Hundreds injured as Romanian protests turn violent

Sergio Conner
August 13, 2018

The anti-government protest in Bucharest Friday drew tens of thousands Romanians from overseas and local residents who demanded the government resign over moves to change laws that critics say would make it harder to prosecute corruption. Some people lobbed rocks, bottles and smoke bombs at riot police.

President Klaus Iohannis, a critic of the left-wing government, condemned "the brutal intervention of riot police".

"Any form of violence is unacceptable", he said.

Thousands gathered in central Bucharest on Saturday evening, some carrying Romanian flags, with demonstrators insisting they would not be cowed from protesting despite Friday's violence.

Friday's protests were organised and promoted by groups of Romanians working overseas, angry at what they say is entrenched corruption, low wages and attempts by the PSD to weaken the judiciary in one of the European Union's most corrupt states.

Austrian Chancellor Sebastian Kurz, whose country now holds the European Union rotating presidency, criticised the violence, which also saw a cameraman for Austria's public broadcaster hurt. No official figures were available.

Other protesters were seen throwing paving slabs at the police, who responded with tear gas, pepper spray and water cannon.

Security forces held back this time as people chanted "Down with the government!" and "Justice, not corruption!" Others threw bottles and stones at police.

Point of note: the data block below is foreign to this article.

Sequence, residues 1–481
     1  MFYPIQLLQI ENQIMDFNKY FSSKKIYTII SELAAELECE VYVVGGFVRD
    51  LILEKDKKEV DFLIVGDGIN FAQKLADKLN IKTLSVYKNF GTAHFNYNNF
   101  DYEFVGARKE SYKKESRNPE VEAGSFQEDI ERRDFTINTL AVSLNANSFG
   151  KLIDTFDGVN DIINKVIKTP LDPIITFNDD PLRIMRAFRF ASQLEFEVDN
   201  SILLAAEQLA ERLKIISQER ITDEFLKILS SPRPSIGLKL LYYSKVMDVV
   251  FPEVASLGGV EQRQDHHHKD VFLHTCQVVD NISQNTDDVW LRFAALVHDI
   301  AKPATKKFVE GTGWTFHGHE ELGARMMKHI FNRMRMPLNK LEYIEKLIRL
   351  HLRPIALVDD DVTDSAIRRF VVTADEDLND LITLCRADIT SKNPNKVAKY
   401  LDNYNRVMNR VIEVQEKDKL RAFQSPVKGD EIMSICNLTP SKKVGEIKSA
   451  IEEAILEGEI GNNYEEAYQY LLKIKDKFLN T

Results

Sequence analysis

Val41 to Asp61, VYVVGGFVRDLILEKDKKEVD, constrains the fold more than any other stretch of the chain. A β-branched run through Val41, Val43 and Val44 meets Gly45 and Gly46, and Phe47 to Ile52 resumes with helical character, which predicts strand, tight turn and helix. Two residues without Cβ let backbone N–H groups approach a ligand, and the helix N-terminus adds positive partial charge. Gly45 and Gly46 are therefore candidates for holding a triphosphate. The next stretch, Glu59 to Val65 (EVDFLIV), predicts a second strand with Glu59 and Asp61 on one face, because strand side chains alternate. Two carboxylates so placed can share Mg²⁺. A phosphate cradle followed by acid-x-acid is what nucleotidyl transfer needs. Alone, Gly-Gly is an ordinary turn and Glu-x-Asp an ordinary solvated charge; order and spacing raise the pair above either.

Social media footage shows the protesters assembled on a large street scrambling as the police begin giving chase and shooting tear gas to control the crowd.

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More than 400 people required medical assistance, the emergency intervention agency ISU said, including two riot police who became separated from their unit.

There were also several arrests outside the seat of government in the capital.

About 15,000 people rallied in front of the government headquarters in the capital on Sunday, whistling, blowing vuvuzelas and shouting "Corruption kills!"

On Friday, more than 50,000 people took to the streets against what they described as entrenched corruption and low wages. A campaign calling for the protest was launched on Facebook.

Peaceful protests have repeatedly been held since the PSD took power in early 2017 and tried to decriminalise several corruption offences.

Earlier this year, ruling party legislators pushed changes to the criminal code through parliament, drawing expressions of concern from the European Commission and the U.S. State Department. PSD leader Liviu Dragnea accused Iohannis of being the political patron of the violent protest on Friday.

Iohannis in July signed a decree to remove the popular chief anticorruption prosecutor from her post. The changes are being challenged in the constitutional court.

Under Kovesi's leadership, corruption conviction rates rose sharply in one of the EU's most corruption-plagued members.

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